Color Guidelines to Make Your Charts Look Great

Color Guidelines to Make Your Charts Look Great

Are you one of those who prefers graphical representations to present data rather than text? Or are you one of those who gets stressed while seeing information on charts?

Thumb rule: Charts should never make the data look more puzzling and confusing. One of the easiest ways to highlight information aptly is to use color schemes. Undoubtedly, color is one of the most powerful tools to enhance the meaning while bringing out the clarity of the displayed data. However, the true benefits are only reaped when we understand how it works. That’s why proper use of colors is essential to create a powerful impression.

Here’s a list of color guidelines to make your charts look great:

1. Less is always more

Try using not more than six colors in your chart as looking at similar hues could be confusing and distracting for the reader. However, if you need more colors, try grouping similar categories of data together. This way, categorical palettes will also play an important role in organizing data and highlighting distinct groups.

2. Selection of right colors

To display most of the information on your chart, using soft and natural colors is a good idea. However, if you’d like the readers to notice certain key points, bright and/or dark colors can be used to highlight this information well. It is important to choose colors that look different from each other while bringing out the same level of intensity. Balance is the key. For example, while choosing a palette of bright colors, no one color should pop out more than the other.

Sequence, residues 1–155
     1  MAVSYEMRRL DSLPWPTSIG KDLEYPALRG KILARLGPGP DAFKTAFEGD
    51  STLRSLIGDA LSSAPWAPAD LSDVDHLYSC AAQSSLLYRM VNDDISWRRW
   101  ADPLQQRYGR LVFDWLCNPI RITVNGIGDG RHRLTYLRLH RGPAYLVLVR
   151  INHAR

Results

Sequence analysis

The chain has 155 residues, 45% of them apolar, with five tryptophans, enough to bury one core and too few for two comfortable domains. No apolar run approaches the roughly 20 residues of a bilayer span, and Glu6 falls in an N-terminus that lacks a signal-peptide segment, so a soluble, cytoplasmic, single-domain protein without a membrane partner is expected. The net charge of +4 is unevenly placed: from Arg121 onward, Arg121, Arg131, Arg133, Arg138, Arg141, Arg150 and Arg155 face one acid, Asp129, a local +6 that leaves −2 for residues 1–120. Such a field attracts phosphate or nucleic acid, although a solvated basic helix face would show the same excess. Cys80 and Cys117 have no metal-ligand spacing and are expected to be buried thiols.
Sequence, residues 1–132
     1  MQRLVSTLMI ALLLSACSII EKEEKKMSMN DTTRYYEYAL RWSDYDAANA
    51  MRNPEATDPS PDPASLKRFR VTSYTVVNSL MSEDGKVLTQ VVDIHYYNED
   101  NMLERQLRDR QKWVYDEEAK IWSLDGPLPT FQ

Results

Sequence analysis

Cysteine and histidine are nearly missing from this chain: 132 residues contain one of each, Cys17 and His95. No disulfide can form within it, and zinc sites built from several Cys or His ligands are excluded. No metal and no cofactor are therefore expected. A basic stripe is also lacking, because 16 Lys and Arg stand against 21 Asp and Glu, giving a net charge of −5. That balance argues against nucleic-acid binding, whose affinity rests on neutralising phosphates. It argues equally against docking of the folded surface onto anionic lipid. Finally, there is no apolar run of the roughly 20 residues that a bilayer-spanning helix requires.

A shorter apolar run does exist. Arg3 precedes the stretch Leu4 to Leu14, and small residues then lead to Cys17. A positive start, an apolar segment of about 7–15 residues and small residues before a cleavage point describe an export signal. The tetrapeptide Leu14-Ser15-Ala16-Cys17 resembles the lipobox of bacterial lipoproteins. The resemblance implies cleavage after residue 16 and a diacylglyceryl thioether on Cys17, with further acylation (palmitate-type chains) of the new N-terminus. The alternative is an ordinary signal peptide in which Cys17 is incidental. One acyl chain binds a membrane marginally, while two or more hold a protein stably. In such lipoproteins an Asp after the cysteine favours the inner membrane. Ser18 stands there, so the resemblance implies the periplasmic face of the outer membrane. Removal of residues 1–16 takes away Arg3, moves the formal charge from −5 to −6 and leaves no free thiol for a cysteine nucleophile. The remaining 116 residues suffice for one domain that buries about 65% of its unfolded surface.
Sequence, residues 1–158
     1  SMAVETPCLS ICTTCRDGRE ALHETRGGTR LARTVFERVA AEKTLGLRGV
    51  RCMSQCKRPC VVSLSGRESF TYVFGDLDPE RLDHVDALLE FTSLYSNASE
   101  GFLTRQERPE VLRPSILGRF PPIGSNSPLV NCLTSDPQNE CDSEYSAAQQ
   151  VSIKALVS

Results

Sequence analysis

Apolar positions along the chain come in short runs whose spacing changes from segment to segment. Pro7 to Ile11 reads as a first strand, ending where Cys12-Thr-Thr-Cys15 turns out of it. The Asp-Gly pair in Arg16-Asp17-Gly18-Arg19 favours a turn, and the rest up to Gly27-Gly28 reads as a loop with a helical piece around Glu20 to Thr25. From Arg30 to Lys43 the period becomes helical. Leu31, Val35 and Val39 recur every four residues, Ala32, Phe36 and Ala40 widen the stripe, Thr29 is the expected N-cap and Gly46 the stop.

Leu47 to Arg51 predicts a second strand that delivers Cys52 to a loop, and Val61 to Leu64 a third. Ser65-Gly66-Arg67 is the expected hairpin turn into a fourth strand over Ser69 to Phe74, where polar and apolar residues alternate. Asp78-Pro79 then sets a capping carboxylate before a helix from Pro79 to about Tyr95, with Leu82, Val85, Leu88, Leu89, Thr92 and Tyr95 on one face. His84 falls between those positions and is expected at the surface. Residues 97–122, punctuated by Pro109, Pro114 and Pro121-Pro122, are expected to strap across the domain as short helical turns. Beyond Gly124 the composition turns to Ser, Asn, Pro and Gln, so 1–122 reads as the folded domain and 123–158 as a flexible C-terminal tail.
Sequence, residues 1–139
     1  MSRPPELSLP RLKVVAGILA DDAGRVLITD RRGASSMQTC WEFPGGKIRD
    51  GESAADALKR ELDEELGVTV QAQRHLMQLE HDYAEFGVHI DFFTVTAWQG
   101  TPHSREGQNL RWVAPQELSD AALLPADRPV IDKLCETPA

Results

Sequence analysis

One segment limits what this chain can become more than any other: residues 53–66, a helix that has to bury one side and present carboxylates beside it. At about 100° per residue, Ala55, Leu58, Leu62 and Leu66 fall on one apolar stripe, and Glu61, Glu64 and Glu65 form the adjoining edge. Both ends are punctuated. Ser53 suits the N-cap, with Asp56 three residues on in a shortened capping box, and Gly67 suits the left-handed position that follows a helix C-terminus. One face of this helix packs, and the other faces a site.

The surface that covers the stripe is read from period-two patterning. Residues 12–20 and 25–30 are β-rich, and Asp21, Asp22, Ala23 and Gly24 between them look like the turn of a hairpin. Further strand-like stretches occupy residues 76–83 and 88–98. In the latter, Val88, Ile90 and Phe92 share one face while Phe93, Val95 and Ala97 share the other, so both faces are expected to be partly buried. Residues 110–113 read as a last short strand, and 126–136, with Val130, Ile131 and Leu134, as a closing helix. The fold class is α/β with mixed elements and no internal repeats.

3. Don’t shy away from gray

When it comes to charts, gray is your go-to color. You can use it in places that you do not want to draw too much attention to. For example, gray is a great color to bring out less-important information in the background. This will make the real color highlighted data shine through.

4. Choose your contrasts wisely

The most basic and commonly used color contrast is black and white. To add a little color, using deeply saturated colors like blue on a light background like white is also a great combination. However, be careful as not all colors go well with each other. For example, navy blue on black would make it difficult for the viewers to understand the distinction.

5. Keep the color blind in mind while choosing your color codes

We generally use the popular red-green color-coding for various charts. We display “poor/negative” values as red and “good/positive” values as green to mark the distinction. However, you may be surprised to know that approximately 10% of men are color blind with red/green. To guarantee that your charts cater to the colorblind audience, avoid this combination or even orange (since it is close to red) and green in the same display. Instead, blue/red can be used as a good substitute.

Conclusion

The ultimate goal of using colors on charts is to make complex data look simple and easier to interpret with just a glance. So, ensure that you do not let colors distract the audience from grasping the essence of the data. The best plan of action is to be consistent while choosing the color palettes to bring out various aspects of the chart.